Many towns have free community meals open to all regardless of income. Some of them even have extra food like bread or brown bananas they will send with you for a snack the next day.

If you are not aware of what is available local churches or social service agencies are often good places to find out where to get free food.

Our local community has a program called Ruby’s pantry where there are no income guidelines. For a $20 donation, you get two large laundry baskets of food. This is available in many Minnesota communities. Ask at a local church or county social services to see what is available in your community.

If you can have a garden where you live plant one. Seeds and sets are cheaper than produce. If you don’t have a garden or even if you do let your gardening friends know you would love there extra produce. Gardeners usually have extra produce and are glad to share.

More Apps to Maximize Your Cash Back

These apps offer some of the best ways to save and earn cash-back other than by uploading receipts. Many can be paired with the services above in order to double-dip or triple-dip on savings.

#1. Acorns

Quick summary: You probably know of Acorns as a micro-investing app, but you might not know they offer a cash-back feature for online purchases. Download the Chrome “Found Money” extension, and when you shop with more than 200 partners, you’ll earn cash-back that will be invested directly into your Acorns account.

Did you know: Acorns’ Found Money has partnered with sites like Expedia, Airbnb and Uber, so you can save on your travel expenses.

App Store ratings: 4.7/5 with over 589,000 reviews.

Google Play ratings: 4.5/5 with over 113,000 reviews.

Sign-up bonus: When you and a friend sign up for Acorns, the app will invest $5 for each of you.

#2. Pei

Quick summary: When you create your Pei account, you’ll link one or more credit or debit cards and then earn up to 10% cash-back when you use those cards to pay for purchases at thousands of brick-and-mortar retail establishments and restaurants (including big names like Trader Joe’s, Target and Walgreens).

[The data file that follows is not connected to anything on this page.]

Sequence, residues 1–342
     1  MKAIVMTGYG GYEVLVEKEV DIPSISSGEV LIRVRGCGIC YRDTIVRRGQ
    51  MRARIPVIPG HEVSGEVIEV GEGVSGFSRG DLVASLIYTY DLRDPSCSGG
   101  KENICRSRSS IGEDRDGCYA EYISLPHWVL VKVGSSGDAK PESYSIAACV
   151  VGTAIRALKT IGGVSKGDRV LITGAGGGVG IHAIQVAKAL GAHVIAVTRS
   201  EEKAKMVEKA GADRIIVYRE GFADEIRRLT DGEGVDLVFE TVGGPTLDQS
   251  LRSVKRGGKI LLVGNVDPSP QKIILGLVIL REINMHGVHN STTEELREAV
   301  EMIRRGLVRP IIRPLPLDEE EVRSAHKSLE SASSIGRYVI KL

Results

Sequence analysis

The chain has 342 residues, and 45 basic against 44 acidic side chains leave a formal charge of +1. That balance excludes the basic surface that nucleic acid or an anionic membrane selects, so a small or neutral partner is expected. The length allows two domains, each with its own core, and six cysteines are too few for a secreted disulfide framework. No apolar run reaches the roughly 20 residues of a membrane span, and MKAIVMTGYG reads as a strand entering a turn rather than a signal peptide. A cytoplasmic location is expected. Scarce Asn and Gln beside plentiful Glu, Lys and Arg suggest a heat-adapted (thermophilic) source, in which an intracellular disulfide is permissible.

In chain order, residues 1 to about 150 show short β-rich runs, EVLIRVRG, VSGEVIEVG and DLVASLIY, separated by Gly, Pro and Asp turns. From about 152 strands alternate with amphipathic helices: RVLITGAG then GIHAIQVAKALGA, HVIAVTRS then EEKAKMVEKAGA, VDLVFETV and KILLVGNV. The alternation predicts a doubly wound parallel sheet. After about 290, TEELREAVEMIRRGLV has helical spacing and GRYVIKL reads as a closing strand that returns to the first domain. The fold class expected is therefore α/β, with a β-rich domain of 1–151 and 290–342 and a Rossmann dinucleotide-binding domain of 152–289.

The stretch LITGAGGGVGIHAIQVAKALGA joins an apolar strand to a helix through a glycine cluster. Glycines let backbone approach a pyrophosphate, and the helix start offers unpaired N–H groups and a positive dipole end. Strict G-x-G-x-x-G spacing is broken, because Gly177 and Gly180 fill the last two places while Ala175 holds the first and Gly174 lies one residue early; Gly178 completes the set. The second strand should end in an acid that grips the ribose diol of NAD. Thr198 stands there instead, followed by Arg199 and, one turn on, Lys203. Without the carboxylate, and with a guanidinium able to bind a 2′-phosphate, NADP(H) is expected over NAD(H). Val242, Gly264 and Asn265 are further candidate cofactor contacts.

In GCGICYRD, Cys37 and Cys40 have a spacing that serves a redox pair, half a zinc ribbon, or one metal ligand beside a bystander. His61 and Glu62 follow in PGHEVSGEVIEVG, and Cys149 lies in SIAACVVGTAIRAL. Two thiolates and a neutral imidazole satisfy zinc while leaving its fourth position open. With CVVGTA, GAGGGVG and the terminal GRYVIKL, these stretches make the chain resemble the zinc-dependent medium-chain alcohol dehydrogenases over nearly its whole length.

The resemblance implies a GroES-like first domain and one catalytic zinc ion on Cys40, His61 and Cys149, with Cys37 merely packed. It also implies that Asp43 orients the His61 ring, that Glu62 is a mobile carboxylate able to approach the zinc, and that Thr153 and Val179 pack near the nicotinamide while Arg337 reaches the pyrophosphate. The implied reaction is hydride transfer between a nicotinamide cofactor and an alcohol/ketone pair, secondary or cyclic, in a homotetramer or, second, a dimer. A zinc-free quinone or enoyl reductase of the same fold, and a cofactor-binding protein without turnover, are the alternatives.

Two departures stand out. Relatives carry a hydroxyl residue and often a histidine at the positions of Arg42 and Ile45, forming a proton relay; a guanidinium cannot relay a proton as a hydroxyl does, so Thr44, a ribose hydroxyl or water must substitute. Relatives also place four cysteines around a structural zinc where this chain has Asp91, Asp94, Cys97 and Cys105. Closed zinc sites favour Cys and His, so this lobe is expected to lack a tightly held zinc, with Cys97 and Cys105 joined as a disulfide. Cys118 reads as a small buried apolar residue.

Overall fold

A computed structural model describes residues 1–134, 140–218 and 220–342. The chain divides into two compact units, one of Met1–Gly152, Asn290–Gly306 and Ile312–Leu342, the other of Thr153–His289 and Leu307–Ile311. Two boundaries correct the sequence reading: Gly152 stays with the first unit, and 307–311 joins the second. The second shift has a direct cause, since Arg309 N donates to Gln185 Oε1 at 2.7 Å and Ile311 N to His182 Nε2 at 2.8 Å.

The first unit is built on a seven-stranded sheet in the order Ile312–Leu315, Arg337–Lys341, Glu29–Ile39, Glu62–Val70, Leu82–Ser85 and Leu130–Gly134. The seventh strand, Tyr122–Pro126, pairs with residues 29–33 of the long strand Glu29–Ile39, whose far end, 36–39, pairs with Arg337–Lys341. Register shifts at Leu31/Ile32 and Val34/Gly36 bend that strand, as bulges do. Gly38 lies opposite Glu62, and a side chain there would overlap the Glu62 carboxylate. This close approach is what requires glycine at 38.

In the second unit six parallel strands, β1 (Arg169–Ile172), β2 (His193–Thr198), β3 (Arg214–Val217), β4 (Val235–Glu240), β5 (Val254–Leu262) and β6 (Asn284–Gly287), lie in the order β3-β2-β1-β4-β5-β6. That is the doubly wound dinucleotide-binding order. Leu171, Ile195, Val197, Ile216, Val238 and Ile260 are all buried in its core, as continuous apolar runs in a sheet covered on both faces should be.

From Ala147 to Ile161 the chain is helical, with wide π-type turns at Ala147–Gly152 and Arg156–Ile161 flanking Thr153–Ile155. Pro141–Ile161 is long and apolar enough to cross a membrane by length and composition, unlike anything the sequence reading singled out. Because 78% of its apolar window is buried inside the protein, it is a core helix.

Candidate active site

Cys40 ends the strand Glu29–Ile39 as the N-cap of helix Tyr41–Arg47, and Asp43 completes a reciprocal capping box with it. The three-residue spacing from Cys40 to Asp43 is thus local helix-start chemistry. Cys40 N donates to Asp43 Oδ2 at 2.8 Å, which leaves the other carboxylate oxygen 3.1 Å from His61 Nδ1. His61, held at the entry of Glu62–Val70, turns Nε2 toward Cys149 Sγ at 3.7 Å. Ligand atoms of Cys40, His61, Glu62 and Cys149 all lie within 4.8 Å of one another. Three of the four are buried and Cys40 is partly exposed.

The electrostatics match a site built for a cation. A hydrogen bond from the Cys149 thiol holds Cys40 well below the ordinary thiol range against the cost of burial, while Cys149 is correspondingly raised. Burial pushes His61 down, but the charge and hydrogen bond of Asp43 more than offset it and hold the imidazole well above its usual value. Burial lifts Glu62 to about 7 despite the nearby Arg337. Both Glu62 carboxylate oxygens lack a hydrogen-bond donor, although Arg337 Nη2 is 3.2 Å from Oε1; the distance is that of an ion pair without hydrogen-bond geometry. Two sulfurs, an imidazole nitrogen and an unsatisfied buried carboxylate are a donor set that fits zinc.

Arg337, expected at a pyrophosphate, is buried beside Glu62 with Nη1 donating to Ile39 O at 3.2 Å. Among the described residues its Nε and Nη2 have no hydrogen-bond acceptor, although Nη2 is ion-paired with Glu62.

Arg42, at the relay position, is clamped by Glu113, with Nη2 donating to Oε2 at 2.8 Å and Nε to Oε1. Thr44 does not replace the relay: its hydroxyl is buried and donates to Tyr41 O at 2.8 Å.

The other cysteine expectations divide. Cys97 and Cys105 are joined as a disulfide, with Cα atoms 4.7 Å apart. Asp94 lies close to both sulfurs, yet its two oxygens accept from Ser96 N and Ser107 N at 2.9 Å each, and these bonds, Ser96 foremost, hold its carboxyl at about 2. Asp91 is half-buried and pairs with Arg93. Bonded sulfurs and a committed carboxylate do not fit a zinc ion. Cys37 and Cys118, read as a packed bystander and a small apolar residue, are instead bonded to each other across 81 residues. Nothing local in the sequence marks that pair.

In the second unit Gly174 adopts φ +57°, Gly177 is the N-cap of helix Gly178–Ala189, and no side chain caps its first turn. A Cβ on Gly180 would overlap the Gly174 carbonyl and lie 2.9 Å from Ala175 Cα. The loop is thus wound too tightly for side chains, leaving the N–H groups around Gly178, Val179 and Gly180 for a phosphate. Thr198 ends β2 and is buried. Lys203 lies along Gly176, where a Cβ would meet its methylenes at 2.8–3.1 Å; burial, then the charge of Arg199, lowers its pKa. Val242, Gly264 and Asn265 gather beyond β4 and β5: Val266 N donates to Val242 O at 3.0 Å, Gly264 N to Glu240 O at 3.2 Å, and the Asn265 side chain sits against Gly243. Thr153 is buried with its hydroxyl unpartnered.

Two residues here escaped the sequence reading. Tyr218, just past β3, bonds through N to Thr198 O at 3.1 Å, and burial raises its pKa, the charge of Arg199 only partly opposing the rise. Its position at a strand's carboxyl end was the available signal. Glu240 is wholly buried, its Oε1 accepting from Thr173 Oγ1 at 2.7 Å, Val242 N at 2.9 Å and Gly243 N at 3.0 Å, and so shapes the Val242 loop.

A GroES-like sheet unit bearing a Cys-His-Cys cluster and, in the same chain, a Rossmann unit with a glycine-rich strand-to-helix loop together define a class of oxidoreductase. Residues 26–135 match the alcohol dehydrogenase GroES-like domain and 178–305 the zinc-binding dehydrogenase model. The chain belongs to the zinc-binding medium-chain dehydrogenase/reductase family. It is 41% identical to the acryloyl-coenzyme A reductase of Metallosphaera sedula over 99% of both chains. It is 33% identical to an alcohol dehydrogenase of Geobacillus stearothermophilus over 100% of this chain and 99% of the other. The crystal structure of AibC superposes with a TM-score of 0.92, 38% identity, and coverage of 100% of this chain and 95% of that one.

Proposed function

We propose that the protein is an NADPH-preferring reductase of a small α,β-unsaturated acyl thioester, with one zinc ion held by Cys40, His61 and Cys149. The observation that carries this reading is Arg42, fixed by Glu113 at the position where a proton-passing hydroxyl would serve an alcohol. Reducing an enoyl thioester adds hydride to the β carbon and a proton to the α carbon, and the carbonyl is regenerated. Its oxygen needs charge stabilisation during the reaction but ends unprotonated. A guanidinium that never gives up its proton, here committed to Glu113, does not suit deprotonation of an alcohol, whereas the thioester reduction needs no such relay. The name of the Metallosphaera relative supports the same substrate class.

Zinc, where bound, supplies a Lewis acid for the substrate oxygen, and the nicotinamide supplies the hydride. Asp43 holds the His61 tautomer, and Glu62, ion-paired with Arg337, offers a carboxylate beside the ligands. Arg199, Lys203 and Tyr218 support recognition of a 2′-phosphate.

Your earnings are credited to your Pei account as points, which can be redeemed for PayPal cash, gift cards or Bitcoin.

Did you know: If you link a rewards credit card, you’ll get cash-back from both your card and Pei.

App Store ratings: 4.7/5 with over 3,900 reviews.

Google Play ratings: 3.5/5 with over 1,400 reviews.

Sign-up bonus: $5 when you sign up with this link.

#3. Flipp

Quick summary: If you don’t get the Sunday paper but miss flipping through the weekly grocery shopping circulars that are tucked inside, meet Flipp!

Flipp lets you see all the circulars in your area (just enter your zip code when creating your account) so that you can save money on grocery items, household items, clothes, electronics, and more. “Clip” the coupons and they’ll be attached to your store loyalty cards.

Did you know: You can use the app’s price matching feature to get the lowest price in stores that allow price-match savings.

App Store ratings: 4.7/5 with over 75,000 reviews.

Google Play ratings: 4.6/5 with over 122,000 reviews.

Sign-up bonus: None currently available.

#4. NCP Mobile

Quick summary: NCP Mobile is a barcode scanning app. Scan the barcodes of eligible items you buy, answer a few questions about the purchase, and then submit your feedback to earn points. The points you earn can be redeemed for gift cards.

Did you know: The longer you use the app, the more points you earn for each scan.

App Store ratings: 4.3/5 with over 3,900 reviews.

Google Play ratings: 4.4/5 with over 21,000 reviews.

Sign-up bonus: None currently available.

#5. The Krazy Koupon Lady

Quick summary: This app is like a one-stop-shop for coupons. It has coupons from circulars, stores and manufacturers, as both digital and printable coupons. The app will send new offers to your phone as it finds them, wherever it finds them.

Did you know: The app also offers tutorials and videos to teach those new to couponing how to optimize their savings.

App Store ratings: 4.9/5 with over 65,000 reviews.

Google Play ratings: 4.2/5 with over 12,900 reviews.

Sign-up bonus: None currently available.